Health Care Trends With a Social Media Twist
Be honest, when you hear "the doctor will see you now" do you expect to see a male or female appear?
Danielle Ofri, MD describes this conundrum in a post for Tara Parker-Pope's WellBlog for The New York Times, "Assuming the Doctor's a 'He'". Ofri, a professor, practicing physician and a woman, describes the pervasive societal perception that MD means MALE. Ofri offers a personal example including a letter she received from an English professor whose class read one of her papers and came to the following conclusion:
“More than half the students,” the professor wrote, “assumed that you were a man — despite your name. When asked why, many said that your writerly voice was unmistakably masculine: logical, confident, secure, sometimes sarcastic…and, above all, that you are an M.D.”
Men playing the role of doctor might have been the status quo 40 years ago, but now, more than a decade into the 21st century, is this really still the default? To "test" the veracity of these student's comments, Ofri uploaded the same paper onto the site Gender Genie to determine how masculine her "writerly" voice actually was. The results were surprising-- according to the algorithm, the first two pages of the paper came back as "male" in tone while the complete document was deemed "female." (Visit the Gender Genie site to see how various words are ranked and calibrated-- fascinating). Ofri concludes her article asking readers if it actually matters how people perceive the gender of a doctor. What do you think?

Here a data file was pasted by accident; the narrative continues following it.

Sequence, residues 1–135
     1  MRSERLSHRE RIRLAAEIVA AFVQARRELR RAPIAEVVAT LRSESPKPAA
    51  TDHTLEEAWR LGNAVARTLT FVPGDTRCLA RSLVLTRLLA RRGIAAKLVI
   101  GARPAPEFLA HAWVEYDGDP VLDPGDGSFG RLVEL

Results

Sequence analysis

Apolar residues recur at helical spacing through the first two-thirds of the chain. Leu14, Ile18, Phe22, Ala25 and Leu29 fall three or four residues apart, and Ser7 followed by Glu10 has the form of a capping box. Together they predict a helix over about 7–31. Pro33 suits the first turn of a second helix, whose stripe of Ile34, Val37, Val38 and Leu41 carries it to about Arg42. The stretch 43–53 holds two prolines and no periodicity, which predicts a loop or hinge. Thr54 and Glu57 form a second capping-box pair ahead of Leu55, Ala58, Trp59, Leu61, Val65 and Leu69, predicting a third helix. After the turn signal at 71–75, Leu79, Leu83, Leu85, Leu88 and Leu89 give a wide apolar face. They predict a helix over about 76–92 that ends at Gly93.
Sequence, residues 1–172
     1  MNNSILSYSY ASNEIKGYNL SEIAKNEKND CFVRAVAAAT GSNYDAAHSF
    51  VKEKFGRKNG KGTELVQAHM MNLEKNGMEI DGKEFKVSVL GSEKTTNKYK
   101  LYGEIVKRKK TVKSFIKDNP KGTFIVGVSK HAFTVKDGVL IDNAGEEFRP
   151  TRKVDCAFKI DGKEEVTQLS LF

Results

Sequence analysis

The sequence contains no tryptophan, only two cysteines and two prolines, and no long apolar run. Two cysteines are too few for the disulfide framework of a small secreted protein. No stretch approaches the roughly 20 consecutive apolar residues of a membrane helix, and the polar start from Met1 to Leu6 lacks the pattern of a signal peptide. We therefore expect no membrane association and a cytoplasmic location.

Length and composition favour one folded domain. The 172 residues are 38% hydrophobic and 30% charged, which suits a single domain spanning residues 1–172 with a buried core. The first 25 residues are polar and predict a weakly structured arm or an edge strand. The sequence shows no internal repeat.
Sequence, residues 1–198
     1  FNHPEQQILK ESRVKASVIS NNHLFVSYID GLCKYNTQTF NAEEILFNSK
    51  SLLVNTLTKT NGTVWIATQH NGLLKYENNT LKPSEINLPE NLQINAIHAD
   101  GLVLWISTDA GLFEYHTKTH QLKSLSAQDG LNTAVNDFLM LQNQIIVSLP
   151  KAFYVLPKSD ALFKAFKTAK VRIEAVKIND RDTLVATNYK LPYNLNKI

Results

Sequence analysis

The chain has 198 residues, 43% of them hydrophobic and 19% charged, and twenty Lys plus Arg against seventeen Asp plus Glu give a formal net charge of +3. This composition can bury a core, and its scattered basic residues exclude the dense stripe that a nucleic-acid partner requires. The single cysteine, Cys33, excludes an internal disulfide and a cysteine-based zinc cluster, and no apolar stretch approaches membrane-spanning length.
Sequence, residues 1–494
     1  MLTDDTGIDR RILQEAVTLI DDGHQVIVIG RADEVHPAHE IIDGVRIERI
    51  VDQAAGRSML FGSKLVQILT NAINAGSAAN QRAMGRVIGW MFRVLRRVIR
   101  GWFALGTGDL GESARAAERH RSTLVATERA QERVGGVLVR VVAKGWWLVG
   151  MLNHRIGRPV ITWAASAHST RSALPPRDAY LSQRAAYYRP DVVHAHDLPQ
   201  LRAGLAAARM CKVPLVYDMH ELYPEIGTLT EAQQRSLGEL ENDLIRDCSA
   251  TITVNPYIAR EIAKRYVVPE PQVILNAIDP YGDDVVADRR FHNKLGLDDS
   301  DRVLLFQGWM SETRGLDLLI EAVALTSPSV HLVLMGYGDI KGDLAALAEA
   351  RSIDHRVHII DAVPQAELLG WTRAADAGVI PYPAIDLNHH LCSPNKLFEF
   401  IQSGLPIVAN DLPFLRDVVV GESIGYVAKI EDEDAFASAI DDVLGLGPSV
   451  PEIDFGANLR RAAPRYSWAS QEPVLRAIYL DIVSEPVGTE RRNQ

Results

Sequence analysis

Does it really matter if you hear doctor and think male?